Heading into the park on a path bordered by trees on both sides. The path slowly rises, and when you come to an intersection in front of a set of stairs, go to the left. Follow the path for 170 m to the end, passing the Meridian Line along the way and the entrance to the Royal Observatory. Home of Greenwich Mean Time (GMT), the Royal Observatory's Meridian Courtyard offers the perfect photo opportunity. Be sure to get a photo of yourself standing on the Meridian Line. The observatory also contains the only planetarium in the city.
Turn left to see the General James Wolf Statue. You will find spectacular views from the statue stretching across the Thames to St. Paul's Cathedral. From the statue, walk straight for 15 m, then turn left onto the next path. Continue for another 55 m before taking a left at the next path. Keep straight for 550 m, exiting the park and continuing onto Park Row.
After passing a carpark on your left, turn left to walk through the National Maritime Gardens and continue down the path for 230 m to the National Maritime Museum. The National Maritime Museum is definitely worth a stop, and has some great exhibits.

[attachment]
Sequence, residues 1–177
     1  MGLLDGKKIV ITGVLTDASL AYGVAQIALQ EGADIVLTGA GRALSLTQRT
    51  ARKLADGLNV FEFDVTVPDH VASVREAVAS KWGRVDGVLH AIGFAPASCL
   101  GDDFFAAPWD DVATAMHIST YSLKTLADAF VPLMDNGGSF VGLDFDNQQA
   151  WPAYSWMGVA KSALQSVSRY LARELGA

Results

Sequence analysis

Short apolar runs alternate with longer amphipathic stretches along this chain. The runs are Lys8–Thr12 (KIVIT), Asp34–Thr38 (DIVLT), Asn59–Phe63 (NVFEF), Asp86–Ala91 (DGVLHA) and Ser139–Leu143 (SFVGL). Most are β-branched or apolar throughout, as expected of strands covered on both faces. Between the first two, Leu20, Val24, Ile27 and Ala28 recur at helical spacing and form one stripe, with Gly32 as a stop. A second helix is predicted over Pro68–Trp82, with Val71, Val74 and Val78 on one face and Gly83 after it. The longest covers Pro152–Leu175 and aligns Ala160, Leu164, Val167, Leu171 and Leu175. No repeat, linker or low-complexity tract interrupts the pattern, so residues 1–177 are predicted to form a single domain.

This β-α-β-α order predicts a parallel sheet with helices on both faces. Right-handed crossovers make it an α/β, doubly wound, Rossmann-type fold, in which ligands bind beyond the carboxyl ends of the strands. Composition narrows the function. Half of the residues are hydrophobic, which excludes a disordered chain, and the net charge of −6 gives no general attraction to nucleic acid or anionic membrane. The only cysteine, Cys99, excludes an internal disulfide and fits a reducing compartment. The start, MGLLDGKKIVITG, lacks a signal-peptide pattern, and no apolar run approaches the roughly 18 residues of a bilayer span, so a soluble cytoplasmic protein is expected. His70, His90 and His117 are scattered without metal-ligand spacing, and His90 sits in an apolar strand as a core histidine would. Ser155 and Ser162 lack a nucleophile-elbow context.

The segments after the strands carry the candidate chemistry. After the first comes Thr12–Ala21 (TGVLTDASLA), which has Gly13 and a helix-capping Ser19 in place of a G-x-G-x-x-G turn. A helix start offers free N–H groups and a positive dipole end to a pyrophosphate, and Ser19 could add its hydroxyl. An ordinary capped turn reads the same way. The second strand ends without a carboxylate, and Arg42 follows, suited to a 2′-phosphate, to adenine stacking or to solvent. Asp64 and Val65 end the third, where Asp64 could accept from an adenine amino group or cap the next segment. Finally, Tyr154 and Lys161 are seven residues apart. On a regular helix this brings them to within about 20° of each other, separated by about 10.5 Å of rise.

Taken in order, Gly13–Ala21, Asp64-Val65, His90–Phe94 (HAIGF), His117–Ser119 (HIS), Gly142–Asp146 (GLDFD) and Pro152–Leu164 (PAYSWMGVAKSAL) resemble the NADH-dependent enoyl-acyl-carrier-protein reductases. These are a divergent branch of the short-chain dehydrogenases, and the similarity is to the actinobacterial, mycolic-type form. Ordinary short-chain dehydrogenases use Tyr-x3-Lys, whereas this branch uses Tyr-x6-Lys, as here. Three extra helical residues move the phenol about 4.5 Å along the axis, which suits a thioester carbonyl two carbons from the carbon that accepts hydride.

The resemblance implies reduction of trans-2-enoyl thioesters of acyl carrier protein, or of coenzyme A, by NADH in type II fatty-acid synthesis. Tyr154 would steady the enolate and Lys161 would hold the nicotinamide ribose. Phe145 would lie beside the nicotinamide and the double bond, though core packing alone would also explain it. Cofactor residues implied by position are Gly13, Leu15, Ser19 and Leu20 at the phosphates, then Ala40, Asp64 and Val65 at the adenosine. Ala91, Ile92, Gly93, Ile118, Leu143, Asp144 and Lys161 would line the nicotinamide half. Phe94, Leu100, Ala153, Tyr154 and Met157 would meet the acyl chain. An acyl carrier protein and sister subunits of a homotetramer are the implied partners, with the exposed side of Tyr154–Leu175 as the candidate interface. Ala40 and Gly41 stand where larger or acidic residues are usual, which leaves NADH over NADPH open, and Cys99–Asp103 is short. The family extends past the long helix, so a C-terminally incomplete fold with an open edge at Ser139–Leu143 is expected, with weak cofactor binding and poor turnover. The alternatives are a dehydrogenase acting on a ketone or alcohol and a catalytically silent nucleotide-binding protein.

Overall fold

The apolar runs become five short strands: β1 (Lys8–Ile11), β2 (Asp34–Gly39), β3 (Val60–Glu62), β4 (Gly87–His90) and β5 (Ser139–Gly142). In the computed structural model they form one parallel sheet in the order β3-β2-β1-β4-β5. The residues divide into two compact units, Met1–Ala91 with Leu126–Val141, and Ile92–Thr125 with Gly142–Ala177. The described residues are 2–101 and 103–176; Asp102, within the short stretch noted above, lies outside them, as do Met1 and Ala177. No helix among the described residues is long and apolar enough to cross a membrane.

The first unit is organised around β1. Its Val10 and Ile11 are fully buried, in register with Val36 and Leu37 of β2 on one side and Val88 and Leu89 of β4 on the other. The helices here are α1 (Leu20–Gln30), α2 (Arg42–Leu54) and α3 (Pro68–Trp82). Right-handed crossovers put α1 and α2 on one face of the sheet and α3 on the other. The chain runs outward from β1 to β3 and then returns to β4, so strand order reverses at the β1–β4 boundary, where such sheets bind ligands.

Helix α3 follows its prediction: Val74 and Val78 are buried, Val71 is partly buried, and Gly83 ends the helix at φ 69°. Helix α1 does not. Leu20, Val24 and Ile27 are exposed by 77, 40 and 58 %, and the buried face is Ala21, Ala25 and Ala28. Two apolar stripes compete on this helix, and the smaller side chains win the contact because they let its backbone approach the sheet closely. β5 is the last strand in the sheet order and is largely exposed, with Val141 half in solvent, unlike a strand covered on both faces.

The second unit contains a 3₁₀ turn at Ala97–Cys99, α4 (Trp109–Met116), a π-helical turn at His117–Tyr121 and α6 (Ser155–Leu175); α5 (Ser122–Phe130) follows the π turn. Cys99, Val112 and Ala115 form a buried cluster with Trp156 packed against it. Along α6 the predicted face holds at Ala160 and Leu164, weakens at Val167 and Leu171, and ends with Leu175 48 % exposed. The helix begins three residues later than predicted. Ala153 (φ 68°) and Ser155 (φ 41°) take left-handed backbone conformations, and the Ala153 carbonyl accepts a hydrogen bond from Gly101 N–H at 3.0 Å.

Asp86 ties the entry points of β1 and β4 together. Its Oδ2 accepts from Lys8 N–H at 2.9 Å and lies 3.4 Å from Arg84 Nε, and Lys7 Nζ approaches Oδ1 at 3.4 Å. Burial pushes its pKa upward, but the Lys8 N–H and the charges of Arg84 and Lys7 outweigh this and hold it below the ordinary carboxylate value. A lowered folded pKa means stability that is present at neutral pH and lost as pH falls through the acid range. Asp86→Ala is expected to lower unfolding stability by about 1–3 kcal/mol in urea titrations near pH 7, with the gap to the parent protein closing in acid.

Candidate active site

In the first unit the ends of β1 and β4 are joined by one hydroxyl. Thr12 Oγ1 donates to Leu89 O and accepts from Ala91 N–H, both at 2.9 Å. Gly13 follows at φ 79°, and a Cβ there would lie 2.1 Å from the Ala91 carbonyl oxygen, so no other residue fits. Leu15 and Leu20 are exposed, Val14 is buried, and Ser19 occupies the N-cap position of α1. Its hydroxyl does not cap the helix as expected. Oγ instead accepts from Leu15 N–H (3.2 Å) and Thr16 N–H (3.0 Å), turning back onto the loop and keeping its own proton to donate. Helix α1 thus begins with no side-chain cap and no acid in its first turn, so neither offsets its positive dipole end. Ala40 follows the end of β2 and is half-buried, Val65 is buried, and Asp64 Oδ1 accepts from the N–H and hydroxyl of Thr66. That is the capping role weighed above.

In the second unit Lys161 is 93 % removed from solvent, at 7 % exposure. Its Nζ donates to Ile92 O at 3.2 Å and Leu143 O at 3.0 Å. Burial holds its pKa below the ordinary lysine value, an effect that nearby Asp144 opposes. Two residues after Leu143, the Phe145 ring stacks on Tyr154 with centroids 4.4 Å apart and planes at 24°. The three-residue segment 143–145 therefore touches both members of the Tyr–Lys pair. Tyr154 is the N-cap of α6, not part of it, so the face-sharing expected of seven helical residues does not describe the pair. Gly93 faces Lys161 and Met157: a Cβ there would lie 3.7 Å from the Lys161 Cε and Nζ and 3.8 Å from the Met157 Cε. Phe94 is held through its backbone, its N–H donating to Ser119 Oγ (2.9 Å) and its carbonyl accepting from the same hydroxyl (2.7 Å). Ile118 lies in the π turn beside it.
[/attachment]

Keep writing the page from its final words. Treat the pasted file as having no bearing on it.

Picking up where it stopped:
Come out of the museum, and continue straight walking through the grounds of the University of Greenwich down to the Thames, you are walking through the Naval College Gardens.
Go left at the Thames and continue walking past Greenwich Pier on your right. If you are hungry, stop at Nando's and try their famous flame-grilled peri-peri chicken. Just after the pier, turn left to walk around the Cutty Sark. The Cutty Sark is much more interesting than you would expect. It is worth a visit as it is the only surviving tea clipper in the world. This nineteenth-century ship was the fastest of its time.
After walking around the Cutty Sark, take the Greenwich Foot Tunnel to cross under the Thames. Once you exit the Greenwich Foot Tunnel, turn left at Saunders Ness Road. You will now be walking up the Isle of Dogs. This was formerly one of the poorest parts of London. However, it is now being transformed by the Dockland's, a new business district in London.
Continue onto Ferry Street for 200 m then take a right to stay on Ferry Street. Follow Ferry Street as it changes to East Ferry Road for 400 m.
If you get lost in this section just remember to keep aiming at the big office towers ahead of you.